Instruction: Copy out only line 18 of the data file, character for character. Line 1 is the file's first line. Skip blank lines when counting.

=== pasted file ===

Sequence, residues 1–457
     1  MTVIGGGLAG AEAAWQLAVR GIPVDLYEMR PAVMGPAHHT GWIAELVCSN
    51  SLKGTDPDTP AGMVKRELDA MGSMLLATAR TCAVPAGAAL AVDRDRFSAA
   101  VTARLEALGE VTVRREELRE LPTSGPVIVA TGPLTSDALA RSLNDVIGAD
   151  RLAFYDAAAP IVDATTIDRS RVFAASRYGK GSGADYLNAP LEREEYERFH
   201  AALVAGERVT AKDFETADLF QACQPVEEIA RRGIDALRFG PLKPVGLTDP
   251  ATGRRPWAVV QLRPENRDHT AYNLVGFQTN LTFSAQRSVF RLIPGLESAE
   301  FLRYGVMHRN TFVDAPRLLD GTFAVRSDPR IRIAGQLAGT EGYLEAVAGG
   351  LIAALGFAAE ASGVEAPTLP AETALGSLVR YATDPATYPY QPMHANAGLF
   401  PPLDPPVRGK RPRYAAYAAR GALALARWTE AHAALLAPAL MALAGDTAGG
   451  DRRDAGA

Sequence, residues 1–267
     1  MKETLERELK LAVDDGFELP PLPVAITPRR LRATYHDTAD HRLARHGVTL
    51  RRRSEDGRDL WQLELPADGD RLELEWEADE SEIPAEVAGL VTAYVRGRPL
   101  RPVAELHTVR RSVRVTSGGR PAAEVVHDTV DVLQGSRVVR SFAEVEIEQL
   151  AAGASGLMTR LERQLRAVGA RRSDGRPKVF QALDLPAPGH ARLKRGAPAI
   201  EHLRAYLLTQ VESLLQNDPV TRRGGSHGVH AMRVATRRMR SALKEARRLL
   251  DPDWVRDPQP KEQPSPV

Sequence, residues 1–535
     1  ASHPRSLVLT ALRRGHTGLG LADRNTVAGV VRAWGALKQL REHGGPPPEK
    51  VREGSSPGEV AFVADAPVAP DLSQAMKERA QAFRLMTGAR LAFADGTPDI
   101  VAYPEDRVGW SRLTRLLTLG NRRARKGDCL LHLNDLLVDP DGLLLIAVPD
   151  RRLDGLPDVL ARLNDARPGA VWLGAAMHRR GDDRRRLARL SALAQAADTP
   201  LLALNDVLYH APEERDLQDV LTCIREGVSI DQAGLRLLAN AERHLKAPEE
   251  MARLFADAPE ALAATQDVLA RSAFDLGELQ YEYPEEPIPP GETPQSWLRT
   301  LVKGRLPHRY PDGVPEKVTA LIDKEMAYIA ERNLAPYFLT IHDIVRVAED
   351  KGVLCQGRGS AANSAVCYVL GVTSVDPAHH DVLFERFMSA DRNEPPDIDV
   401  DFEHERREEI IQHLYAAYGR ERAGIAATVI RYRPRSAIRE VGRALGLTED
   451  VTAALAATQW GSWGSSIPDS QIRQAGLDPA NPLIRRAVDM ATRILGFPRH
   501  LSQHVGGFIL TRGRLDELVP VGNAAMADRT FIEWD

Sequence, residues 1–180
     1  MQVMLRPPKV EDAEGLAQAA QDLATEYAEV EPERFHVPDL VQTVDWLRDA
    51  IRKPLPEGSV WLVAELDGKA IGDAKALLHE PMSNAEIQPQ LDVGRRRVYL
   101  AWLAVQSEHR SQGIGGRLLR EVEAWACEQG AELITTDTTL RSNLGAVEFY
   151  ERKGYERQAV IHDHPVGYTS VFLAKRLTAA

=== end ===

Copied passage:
   251  DPDWVRDPQP KEQPSPV